|Secretary of State for Health and Social Care|
9 July 2018
|Secretary of State for Digital, Culture, Media and Sport|
8 January 2018 - 9 July 2018
|Minister of State for Digital and Culture|
15 July 2016 - 8 January 2018
|Minister for the Cabinet Office|
11 May 2015 - 14 July 2016
|Minister of State for Business and Enterprise|
15 July 2014 - 11 May 2015
|Minister of State for Energy|
15 July 2014 - 11 May 2015
|Minister of State for Portsmouth|
15 July 2014 - 11 May 2015
|Minister of State for Skills and Enterprise|
8 September 2013 - 15 July 2014
|Member of Parliament|
for West Suffolk
6 May 2010
Matthew John David Hancock
2 October 1978
Martha Hoyer Millar (m. 2006)
|Education||The King's School, Chester|
Matthew John David Hancock (born 2 October 1978) is a British politician serving as Secretary of State for Health and Social Care since 2018. A member of the Conservative Party, he has been the Member of Parliament (MP) for West Suffolk since 2010.
Hancock was born in Cheshire, where his family runs a software business. Hancock studied philosophy, politics and economics (PPE) at Exeter College, Oxford and economics at Christ's College, Cambridge. He was an economist at the Bank of England before becoming an economic advisor (and later chief of staff) to George Osborne.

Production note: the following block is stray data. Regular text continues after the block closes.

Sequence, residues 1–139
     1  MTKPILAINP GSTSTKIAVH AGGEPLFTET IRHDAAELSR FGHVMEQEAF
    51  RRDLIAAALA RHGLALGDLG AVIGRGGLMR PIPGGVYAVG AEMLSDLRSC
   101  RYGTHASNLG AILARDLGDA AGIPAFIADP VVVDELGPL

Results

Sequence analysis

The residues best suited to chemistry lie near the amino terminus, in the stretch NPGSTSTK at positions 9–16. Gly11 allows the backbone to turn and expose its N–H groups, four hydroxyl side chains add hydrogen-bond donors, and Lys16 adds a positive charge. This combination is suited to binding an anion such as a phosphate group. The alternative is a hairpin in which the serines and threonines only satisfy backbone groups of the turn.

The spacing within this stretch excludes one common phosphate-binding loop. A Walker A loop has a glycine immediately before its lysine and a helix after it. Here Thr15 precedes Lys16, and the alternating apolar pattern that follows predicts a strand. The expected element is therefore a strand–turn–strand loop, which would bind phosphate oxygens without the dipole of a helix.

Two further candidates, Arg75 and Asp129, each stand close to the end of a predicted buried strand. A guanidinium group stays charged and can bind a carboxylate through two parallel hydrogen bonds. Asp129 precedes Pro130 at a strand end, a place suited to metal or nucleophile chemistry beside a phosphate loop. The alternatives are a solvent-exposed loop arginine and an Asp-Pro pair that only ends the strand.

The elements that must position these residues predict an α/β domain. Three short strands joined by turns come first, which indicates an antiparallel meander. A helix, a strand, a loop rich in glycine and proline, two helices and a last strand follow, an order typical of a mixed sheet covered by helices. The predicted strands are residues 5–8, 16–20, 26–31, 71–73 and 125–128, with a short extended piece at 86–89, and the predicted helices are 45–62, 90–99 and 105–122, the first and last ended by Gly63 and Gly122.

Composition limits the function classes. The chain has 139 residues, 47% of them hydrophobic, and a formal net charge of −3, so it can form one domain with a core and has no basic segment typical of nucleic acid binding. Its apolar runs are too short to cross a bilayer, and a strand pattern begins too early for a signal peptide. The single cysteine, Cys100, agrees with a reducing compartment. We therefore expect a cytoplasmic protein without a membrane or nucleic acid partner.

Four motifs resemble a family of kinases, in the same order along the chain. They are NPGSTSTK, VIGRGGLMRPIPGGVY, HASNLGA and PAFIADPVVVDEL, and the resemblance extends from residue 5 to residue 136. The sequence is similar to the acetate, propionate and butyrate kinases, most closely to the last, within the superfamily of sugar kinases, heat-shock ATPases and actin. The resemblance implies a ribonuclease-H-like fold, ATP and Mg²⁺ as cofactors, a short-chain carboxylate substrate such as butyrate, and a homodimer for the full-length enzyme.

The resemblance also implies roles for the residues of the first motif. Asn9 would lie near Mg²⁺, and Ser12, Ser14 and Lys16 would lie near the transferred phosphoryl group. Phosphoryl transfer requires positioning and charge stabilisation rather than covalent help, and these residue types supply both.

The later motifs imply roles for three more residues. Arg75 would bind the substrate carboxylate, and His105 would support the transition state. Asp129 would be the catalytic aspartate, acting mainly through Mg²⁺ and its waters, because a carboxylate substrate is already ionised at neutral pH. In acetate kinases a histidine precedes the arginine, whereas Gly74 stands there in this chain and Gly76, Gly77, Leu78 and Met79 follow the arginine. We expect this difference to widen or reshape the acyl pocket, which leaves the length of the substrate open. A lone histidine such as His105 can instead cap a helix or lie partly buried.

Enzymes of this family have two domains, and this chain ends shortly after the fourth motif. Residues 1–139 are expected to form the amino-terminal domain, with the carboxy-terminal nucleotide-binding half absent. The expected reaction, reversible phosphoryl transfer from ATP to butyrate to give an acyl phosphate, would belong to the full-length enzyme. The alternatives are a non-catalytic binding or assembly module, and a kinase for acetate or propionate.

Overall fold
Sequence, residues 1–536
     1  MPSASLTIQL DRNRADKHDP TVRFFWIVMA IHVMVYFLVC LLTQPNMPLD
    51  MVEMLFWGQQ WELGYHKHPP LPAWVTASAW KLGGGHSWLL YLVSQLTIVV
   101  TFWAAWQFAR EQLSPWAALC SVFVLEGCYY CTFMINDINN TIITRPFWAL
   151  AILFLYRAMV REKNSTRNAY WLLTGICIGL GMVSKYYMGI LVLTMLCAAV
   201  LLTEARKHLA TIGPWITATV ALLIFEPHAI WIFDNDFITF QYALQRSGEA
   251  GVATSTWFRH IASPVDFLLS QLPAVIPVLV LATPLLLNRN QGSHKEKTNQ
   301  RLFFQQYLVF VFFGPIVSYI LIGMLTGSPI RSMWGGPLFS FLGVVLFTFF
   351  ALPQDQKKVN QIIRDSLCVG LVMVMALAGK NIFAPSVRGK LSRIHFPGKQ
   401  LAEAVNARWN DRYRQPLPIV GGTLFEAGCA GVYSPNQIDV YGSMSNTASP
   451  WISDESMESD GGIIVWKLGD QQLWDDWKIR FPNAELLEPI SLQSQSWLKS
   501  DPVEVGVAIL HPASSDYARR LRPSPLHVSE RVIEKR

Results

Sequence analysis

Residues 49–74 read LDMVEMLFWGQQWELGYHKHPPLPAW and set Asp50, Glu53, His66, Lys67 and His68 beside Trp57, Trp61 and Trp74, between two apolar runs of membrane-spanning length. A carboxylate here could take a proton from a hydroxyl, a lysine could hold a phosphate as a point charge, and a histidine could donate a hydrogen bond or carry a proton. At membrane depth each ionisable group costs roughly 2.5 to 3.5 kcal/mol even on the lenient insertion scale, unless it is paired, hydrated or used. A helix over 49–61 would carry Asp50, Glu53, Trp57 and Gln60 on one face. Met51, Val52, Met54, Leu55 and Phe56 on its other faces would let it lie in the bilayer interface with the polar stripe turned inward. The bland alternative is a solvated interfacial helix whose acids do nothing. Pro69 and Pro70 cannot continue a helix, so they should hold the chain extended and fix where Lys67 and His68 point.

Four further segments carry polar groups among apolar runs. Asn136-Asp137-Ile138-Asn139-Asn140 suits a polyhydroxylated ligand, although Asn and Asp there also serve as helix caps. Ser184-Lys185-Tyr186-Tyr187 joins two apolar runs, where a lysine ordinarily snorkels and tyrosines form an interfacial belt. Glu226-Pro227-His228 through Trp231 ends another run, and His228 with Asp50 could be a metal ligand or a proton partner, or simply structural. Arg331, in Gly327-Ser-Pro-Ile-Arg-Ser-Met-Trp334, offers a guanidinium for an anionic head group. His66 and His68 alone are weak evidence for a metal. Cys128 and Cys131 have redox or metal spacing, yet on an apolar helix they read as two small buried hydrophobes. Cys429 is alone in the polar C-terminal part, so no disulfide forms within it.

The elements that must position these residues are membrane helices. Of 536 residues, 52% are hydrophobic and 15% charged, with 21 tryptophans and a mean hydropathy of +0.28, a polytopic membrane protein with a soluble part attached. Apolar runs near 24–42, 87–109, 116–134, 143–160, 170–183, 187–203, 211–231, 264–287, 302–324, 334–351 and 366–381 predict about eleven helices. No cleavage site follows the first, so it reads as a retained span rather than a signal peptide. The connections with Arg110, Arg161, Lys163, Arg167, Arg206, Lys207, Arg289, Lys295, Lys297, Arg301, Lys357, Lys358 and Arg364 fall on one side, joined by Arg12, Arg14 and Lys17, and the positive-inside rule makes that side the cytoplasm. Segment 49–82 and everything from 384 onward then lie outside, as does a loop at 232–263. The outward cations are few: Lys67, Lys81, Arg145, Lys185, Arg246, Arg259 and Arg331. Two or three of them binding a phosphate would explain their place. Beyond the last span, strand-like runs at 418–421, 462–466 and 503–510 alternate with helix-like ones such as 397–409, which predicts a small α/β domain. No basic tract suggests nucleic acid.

Hancock served in a number of middle-ranking ministerial positions from September 2013 under both David Cameron and Theresa May. He was promoted to the Cabinet in the January 2018 cabinet reshuffle when he was appointed Secretary of State for Digital, Culture, Media and Sport. On 9 July 2018, after the promotion of Jeremy Hunt to Foreign Secretary, Hancock was named Secretary of State for Health and Social Care. On 25 May 2019, Hancock announced his intention to stand in the 2019 Conservative Party leadership election. He withdrew from the race on 14 June shortly after the first ballot.
Matthew John David Hancock was born on 2 October 1978 in Chester, Cheshire to Michael Hancock and Shirley Hills (now Carter). Hancock attended Farndon County Primary School, in Farndon, Cheshire, and the independent King's School, Chester. He later studied computing at the further education college, West Cheshire College. He studied at Exeter College, Oxford and graduated with a 1st in Philosophy, Politics and Economics, and went on to Christ's College, Cambridge to earn an MPhil degree in Economics. Hancock became a member of the Conservative Party in 1999.